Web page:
The crypto industry in other countries looks a bit different, while US agencies seek control over such digital transactions. Hong Kong is taking big steps to become a leader in cryptocurrency and security token offerings (STOs). The city's comprehensive approach to crypto regulation is gaining attention from industry leaders and regulatory bodies[5].

By offering a competitive regulatory environment, Hong Kong aims to attract crypto businesses and talented fintech professionals, potentially changing the global digital asset landscape. Hong Kong's regulatory framework is inclusive, allowing the trading of both cryptocurrencies and security tokens under a single license.

This contrasts with the U.S., where Coinbase can only handle cryptocurrency transactions. Lu Tingkuang from HKbitEX points out that Hong Kong’s approach is more flexible and forward-thinking. The city is also committed to financial innovation.

In 2023, Hong Kong issued the world’s first tokenized green bond by a government, raising HK$800 million. This was followed by another digital green bond issuance in 2024, raising around HK$6 billion in various currencies. Private companies are joining in, with firms like Taiji Capital and GF Securities (Hong Kong) launching tokenized real estate funds and commercial paper.

Governments around the world embrace the crypto industry, but not the US. Pixabay/ Pexels
Governments around the world embrace the crypto industry, but not the US. Pixabay/ Pexels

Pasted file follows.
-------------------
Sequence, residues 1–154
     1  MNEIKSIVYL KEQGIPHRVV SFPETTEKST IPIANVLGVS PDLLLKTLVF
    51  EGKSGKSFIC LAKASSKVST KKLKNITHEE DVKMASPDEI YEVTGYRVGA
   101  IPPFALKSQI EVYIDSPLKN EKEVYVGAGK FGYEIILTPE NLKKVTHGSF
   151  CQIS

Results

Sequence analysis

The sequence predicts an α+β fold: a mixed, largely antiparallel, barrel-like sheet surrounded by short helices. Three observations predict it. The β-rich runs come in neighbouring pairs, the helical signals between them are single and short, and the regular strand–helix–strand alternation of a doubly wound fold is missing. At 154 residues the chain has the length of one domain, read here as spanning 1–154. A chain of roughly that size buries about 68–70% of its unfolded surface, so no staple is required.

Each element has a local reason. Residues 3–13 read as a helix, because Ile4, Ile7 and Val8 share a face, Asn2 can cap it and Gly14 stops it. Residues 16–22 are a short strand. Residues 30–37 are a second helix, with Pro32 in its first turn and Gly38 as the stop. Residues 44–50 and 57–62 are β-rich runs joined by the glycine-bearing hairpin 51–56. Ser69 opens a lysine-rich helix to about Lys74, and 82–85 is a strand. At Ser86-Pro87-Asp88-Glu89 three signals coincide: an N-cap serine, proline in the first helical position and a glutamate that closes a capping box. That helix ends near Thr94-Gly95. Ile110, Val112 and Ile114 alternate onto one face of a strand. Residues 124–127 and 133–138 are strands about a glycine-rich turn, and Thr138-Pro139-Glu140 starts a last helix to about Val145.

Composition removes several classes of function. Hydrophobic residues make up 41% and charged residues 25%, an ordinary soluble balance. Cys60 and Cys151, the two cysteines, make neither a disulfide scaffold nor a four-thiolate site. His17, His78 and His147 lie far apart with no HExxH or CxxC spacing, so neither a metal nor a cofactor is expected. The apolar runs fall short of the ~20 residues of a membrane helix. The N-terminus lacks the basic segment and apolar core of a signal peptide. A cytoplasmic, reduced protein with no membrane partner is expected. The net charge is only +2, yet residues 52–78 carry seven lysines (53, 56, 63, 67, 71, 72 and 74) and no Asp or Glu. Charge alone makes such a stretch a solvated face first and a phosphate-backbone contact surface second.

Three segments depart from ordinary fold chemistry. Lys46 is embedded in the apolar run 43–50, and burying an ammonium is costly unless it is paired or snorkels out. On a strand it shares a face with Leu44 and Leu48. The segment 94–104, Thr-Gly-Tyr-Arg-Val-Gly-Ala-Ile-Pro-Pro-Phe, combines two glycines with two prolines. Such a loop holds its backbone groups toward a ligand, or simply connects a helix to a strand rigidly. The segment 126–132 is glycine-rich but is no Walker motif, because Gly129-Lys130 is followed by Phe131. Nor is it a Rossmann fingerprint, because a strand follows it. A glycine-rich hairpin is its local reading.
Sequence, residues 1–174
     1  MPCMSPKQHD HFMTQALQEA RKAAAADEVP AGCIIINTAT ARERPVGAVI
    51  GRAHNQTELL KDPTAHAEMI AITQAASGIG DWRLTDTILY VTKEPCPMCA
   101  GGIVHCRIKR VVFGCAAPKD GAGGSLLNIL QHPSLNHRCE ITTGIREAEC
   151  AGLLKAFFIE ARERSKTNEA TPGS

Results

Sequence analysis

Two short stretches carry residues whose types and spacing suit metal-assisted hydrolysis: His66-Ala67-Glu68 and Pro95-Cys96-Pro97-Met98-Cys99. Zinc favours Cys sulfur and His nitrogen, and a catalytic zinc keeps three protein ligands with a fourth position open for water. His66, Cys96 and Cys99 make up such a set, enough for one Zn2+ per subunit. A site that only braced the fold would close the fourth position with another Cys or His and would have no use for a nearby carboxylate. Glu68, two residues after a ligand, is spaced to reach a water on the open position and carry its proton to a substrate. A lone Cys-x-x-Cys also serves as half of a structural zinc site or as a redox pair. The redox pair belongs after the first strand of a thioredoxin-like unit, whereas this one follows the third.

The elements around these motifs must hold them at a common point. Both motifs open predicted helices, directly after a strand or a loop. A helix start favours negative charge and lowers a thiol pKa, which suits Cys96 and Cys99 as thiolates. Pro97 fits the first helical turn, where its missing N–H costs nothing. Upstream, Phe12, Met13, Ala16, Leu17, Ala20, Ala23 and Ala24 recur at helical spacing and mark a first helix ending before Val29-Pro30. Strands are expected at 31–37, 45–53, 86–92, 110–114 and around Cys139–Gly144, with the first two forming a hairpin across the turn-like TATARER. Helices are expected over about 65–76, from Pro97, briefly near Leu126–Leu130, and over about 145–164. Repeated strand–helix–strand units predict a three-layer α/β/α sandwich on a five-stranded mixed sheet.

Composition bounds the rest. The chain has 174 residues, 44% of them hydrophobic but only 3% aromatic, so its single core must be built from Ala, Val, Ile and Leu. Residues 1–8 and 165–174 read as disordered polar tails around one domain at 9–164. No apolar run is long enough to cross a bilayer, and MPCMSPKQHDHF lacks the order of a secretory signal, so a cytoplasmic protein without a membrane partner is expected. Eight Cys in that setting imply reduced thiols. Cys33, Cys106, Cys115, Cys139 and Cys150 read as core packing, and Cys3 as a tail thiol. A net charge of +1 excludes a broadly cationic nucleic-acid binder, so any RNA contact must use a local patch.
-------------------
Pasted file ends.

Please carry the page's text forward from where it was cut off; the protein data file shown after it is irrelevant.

The government of Germany makes different moves than the US: moves more than 3,000 BTC to exchanges

Other places in the world show that while the US government is fighting over the control of the crypto industry and crypto investors point out differences in opinions on digital transactions and even judgments of cryptocurrency fraudsters; countries work with the crypto industry for the better. Argentina has elected a president who is pro-Bitcoin and tries to change the country's economy by embracing the cryptocurrency industry.

Germany is another country that is proactive about cryptocurrency. The government transferred 282 Bitcoins, worth around 18 million dollars, to major exchanges like Kraken, Bitstamp, and Coinbase. This step is a part of the broader management strategy that highlights robust engagement with digital assets amidst evolving market landscapes.

This information is taken from another Arkham Intelligence report. A recent transfer from Germany shows that out of 282 Bitcoins moved to exchanges, 32.74 Bitcoins (worth $2.04 million) went to Kraken, 150 Bitcoins ($9.36 million) were sent to Bitstamp, and 100 Bitcoins ($6.24 million) went to Coinbase[6].

The German government has transferred more than 3,000 Bitcoins to exchanges over the past two weeks. Germany holds a large amount of Bitcoin, currently around 43,359 BTC, valued at about $2.72 billion. 400 Bitcoins ($25.3 million) were already sent to major exchanges Bitstamp, Coinbase, and Kraken. What's particularly impressive is the speed of these transactions. On June 25 alone, 900 Bitcoins, worth $54 million, were quickly transferred to Coinbase and Kraken in just 20 minutes.

It seems that Europe has a very different view on cryptocurrency and acts differently, embracing the positive effects on the economy that digital assets can provide while the US still focuses on regulations and taking control over everything. It does not seem to work in favor of the government or the country as of yet, however.